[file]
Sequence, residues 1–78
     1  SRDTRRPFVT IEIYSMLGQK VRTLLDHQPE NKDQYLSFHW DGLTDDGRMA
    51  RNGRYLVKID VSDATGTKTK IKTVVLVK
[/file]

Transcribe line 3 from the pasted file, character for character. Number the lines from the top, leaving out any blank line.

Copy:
    51  RNGRYLVKID VSDATGTKTK IKTVVLVK